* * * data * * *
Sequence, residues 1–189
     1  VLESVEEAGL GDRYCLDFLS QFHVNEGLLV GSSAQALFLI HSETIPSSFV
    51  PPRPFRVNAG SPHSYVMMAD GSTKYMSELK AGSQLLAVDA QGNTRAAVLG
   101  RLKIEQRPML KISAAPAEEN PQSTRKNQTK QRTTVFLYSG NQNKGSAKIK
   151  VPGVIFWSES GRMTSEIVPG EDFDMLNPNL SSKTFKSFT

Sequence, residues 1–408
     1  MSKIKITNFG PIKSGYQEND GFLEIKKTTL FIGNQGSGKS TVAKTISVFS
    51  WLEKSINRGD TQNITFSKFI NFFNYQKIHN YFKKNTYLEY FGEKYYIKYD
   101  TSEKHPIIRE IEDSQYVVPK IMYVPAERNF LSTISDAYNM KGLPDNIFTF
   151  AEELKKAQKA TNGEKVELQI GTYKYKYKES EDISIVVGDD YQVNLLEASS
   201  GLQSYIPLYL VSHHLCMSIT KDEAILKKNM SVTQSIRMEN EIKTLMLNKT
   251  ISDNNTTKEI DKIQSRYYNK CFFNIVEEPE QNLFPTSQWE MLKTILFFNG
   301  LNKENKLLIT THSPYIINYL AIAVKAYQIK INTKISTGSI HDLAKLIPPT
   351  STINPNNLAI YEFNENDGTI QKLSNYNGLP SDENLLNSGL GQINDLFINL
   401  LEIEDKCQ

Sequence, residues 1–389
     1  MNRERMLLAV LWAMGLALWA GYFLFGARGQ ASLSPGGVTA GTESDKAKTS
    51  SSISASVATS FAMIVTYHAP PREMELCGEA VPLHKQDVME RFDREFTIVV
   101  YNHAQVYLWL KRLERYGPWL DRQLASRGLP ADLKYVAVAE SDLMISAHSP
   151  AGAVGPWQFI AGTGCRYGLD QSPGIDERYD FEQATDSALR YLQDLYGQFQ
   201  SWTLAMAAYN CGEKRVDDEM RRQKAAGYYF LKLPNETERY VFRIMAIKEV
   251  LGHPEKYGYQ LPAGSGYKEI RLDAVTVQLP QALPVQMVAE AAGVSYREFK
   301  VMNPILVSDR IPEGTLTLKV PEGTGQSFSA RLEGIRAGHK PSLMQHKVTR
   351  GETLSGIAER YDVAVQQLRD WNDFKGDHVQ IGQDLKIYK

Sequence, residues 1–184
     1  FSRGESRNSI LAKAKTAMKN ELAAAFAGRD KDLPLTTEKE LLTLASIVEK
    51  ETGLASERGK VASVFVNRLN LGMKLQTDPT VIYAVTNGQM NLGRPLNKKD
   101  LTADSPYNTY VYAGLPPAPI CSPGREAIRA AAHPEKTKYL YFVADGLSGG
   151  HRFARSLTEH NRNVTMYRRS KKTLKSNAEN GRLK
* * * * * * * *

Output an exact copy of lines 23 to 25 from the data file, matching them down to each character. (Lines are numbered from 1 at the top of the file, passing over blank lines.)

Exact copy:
   301  VMNPILVSDR IPEGTLTLKV PEGTGQSFSA RLEGIRAGHK PSLMQHKVTR
   351  GETLSGIAER YDVAVQQLRD WNDFKGDHVQ IGQDLKIYK

Sequence, residues 1–184